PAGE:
Defining Conservation

As a paid-up member of the 20th Century Society and as a child of the sixties who cheered the replacement of history with modernism, I have lived a lifetime of resistance to what I have seen for years as the useless preservation in aspic of past glories. Yet now, as someone who lives in a UK heritage city, owns a locally listed piece of the history of its C20th  architectural heritage and is closely involved in conservation in the city, I have had to moderate my views on the preservation of the national heritage!

Part of my earlier view has always been, and I still hold to it, that the UK authorities and their servants have paid scant regard to the construction of a national built heritage which could become the proud preoccupation of the conservation lobby in 250 years time, much as ours with the Georgian is now. I have also been vexed by the endless pastiche constructions of the jobbing post-war architect, especially in the domestic field, and the inability of various levels of government to commission truly inspiring buildings in the taste of their contemporary age. It is a fact that the distance at which 70s Brutalism held modern taste from the average citizen, proved too wide a gap for many to overcome. How doubly awful though, given this failure of courage – and of contemporary taste – that in the place of the daring buildings that could have been built, we are faced with endless boxes of cheap system built blocks or pastiches of archaic domestic styles that will   disfigure our contemporary landscape for years and advertise at every turn to future generations our inability to develop an aesthetic for ourselves.

Of course I should perhaps not complain too loudly. Our Georgian forebears did have the economies of the colonies to pillage to pay for their striking fantasies, resources notably lacking since 1964, and often built on the proceeds of human trafficking anyway.

And then I fulminated against our planning regime that seems to have preserved within the Grade II category, endless mediocre or even jerry-built constructions from the historic periods. Grade I and II starred fair enough, ancient monument or building OK, but why so many tens of thousands of similar properties? Do we need quite so many preserved examples of the same thing dotted about the land? Why this inability to have a more proportionate view about our heritage and such reluctance to build the heritage of tomorrow?

Such frustration has led me many times to support the ideals of the Landmark Trust over those of the National Trust, dedicated to bringing back into popular use only those buildings that have sufficient merit to be saved for future access by the citizens as rentals.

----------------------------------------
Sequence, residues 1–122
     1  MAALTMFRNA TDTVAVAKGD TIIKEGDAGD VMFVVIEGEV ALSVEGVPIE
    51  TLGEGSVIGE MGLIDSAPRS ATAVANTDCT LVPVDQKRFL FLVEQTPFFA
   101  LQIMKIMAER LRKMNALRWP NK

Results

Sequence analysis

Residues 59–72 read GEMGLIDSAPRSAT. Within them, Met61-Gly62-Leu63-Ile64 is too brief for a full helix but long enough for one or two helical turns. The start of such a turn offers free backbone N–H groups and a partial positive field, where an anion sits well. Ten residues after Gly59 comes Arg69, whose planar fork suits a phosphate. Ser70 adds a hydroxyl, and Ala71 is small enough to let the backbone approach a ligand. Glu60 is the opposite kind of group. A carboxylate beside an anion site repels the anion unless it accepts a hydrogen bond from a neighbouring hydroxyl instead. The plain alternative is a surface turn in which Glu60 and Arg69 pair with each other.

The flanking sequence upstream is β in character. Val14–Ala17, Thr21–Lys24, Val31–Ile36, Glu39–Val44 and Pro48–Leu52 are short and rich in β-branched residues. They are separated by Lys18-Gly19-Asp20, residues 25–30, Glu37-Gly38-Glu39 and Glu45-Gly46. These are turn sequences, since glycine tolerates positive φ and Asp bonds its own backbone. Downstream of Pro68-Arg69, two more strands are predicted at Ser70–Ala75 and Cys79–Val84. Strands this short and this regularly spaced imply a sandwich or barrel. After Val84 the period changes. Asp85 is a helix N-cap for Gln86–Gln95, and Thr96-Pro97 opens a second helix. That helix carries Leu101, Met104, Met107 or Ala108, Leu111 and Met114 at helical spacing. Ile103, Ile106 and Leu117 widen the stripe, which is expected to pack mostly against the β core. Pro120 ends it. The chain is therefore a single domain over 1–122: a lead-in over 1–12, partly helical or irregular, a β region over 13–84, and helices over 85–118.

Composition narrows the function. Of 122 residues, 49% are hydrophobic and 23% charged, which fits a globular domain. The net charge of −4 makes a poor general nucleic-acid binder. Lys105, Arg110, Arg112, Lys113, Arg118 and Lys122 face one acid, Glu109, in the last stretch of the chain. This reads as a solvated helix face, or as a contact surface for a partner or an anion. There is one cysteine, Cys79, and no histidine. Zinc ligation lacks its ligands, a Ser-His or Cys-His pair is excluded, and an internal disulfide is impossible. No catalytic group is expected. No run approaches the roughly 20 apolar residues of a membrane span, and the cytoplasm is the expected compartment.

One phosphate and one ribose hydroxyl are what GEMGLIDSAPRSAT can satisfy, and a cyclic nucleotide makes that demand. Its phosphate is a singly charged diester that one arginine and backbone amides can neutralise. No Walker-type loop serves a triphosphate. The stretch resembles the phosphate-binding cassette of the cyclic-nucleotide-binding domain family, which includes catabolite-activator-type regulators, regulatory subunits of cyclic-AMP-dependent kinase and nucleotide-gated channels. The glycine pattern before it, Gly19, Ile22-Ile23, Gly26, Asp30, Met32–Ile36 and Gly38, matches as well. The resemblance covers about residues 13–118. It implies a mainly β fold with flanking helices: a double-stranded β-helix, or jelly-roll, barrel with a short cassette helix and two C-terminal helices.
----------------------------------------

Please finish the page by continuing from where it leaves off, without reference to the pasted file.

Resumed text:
Another element in this litany of frustrations has been the ability of our planning and conservation regimes to prevent the adaptation of historic properties of merit to modern standards of living. How much longer can this regime go on preventing the installation of double glazing and proper insulation, surely these days one of the basic responsibilities of any person alert to the effects of global warming? And then, of course Georgian living produced the design of Georgian internal space, but things have moved on mightily since then and a decent kitchen and bathroom are surely an acquired right for our children 250 years later?

The Burra Charter

Being involved in the conservation movement has educated me however, although I am by no means a specialist in the field. A lot of my language was slapdash, easily confusing preservation and conservation for example (as I still do – see above). This is not to say that I have abandoned my support for the aesthetic of my own generation; nor the need to list less Georgian and Victorian buildings; nor the needs of the citizen to live in an environment adapted to modern living. As a lifelong culture vulture I suspect that pondering the proper definitions of the language of conservation could fuel my argument without dismantling the built heritage, which I so loudly applauded during the indiscriminate destructions of the sixties.

I am amused by the paradox that some of the best thinking about the conservation of the built heritage in the past decade has come out of the New World and particularly Australia. In places like this (or Canada, in whose professional company I spent 18 years) where a high Victorian building is ancient, a particular kind of attention to conservation is required since there is no heritage for a colonial population to protect beyond it, forwards or backwards (the archaeology of the indigenous is a whole other debate we shall have in another post). Lose that period and there is no historic street-scene to inspire the citizens and imbue them with civic and national pride in the achievements of their young nation. And less for the tourist too let us not forget.

This dynamic comes out of the museums’ culture of course and, for me, the The Australia ICOMOS Charter for the Conservation of Places of Cultural Significance of 1988 is the place to start. Known as the Burra Charter, it usefully elucidated the nuances between words and their attendant concepts in the conservation world.

For Burra, Conservation means all the processes of looking after a place so as to retain its significance. This includes maintenance, preservation, restoration, reconstruction and adaptation, and will often be a combination of processes. (Hang on to that word significance, it was a useful find as we shall see in a moment.)

Very helpfully, Burra breaks down the vocabulary in that definition and has given it some thought. By Maintenance they mean the continuous protective care of the fabric, contents and setting of a place. Preservation for them however means maintaining the fabric of a place in its existing state, and retarding deterioration.

Restoration means returning existing fabric to a known earlier state by removing accretions or re-assembling existing components without introducing new material. Whereas Reconstruction means returning a feature as nearly as possible to a known earlier state by the introduction of additional materials into the fabric, which can be old or new. Finally, one of my earlier points, Adaptation means modifying a place in order to propose appropriate uses.

Interestingly, Protection is not defined by the Burra Charter. The most frequent meaning in the UK heritage sector seems to be the safegarding of sufficient quantities of significant fabric or values against actual or potential damage which might arrive through planned activities, accidental events, or the normal processes of decay.